They are decent bikes. I'd prefer the 450 myself but had 400's and 426's before 2003 and they were reliable then.
Most people's problems with them come from previous owners never taking care of them. no preventative maintenance with valves pistons and timing chains. They just ride them Til they blow. Properly taken care of and maintained they should be as reliable as a 450.
Putting in a auto decomp exhaust cam makes the starting drill alot easier for a new owner.

  • essex426

Posted December 17, 2013 - 12:40 PM

#12

I still have an 02 426 with the 450 cam mod and jd jet kit, that i have owned for eight years, starts in 2 or 3 kicks every time, even if it has been left for months.

So dont see them as timebombs at all.

Just a case of looking after the engine.



  • cole40

Posted December 17, 2013 - 08:14 PM

#13

Thanks for all the great info guys, keep it coming. My carburetor is clean and adjusted correctly and the leaking issue is fixed now. I had to readjust the float. My new petcock works great and its running great. I am still learning a few techniques to starting this thing. This particular bike was very well taken care of and will continue to be. It was at one point owned and ridden by Ty Davis(have a signed form). This bike has a great amount of power. I still cant believe how responsive this bike is, I usually ride a raptor 660 and on road bikes such as a zx11 and a r6. This bike is a whole different kind of monster.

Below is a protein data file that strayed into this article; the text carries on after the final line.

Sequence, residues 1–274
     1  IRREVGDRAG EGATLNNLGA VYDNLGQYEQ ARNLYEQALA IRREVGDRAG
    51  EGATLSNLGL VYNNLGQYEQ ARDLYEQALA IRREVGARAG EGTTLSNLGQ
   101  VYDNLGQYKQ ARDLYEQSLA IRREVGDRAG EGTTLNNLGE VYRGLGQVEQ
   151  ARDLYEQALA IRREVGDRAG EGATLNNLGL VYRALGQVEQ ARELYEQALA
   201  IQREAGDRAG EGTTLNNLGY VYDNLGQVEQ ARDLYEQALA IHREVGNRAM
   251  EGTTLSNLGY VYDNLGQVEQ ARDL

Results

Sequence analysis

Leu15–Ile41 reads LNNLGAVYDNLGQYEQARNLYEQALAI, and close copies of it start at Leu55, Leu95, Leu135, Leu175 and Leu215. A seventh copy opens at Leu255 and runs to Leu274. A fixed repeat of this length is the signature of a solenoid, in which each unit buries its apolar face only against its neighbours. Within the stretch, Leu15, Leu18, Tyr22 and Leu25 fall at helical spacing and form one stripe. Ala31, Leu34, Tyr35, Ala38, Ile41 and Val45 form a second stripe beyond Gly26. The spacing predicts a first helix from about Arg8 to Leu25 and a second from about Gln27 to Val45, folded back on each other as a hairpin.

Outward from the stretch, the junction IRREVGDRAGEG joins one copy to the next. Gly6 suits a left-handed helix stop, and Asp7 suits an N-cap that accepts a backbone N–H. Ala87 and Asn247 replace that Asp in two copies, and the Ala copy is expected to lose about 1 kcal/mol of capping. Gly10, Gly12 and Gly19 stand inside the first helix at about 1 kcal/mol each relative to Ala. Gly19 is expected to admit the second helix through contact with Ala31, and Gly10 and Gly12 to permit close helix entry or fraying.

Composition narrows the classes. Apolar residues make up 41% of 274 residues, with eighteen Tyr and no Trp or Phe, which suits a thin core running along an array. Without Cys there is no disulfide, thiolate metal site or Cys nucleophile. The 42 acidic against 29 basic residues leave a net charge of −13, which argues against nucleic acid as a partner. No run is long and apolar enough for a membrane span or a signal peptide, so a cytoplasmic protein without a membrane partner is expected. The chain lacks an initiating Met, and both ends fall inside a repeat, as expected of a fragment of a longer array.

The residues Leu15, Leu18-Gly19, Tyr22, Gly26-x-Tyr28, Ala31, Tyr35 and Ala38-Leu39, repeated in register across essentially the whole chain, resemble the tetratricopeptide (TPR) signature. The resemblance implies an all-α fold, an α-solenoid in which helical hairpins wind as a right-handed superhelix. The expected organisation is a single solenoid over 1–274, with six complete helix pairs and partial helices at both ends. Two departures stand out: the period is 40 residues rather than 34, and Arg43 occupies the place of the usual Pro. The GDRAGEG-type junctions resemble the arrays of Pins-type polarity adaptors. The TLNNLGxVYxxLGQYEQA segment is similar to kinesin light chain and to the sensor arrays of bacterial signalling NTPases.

• mike_dean

Posted December 19, 2013 - 05:38 PM

#14

No not time bombs at all, my 2000 426 has over 500 hrs, original valves (stainless steel), one piston it really didn't need, 2 timing chains, keyway, Hinson clutch basket.

 



  • Pooley

Posted December 19, 2013 - 08:38 PM

#15

Not to be a dick but those bikes are ticking timebombs from what i heard. You should have gotten a yz450f. The 400 and 426 are stepping stones to the 450

You've heard wrong.  I've a WR with over 15k miles of singletrack.  Have yet to adjust the valves and have only replaced stuff like cam chain and valve guide seals...the normal wear and tear items.  Treat them right and they will treat you right.



  • cole40

Posted December 20, 2013 - 06:23 AM

#16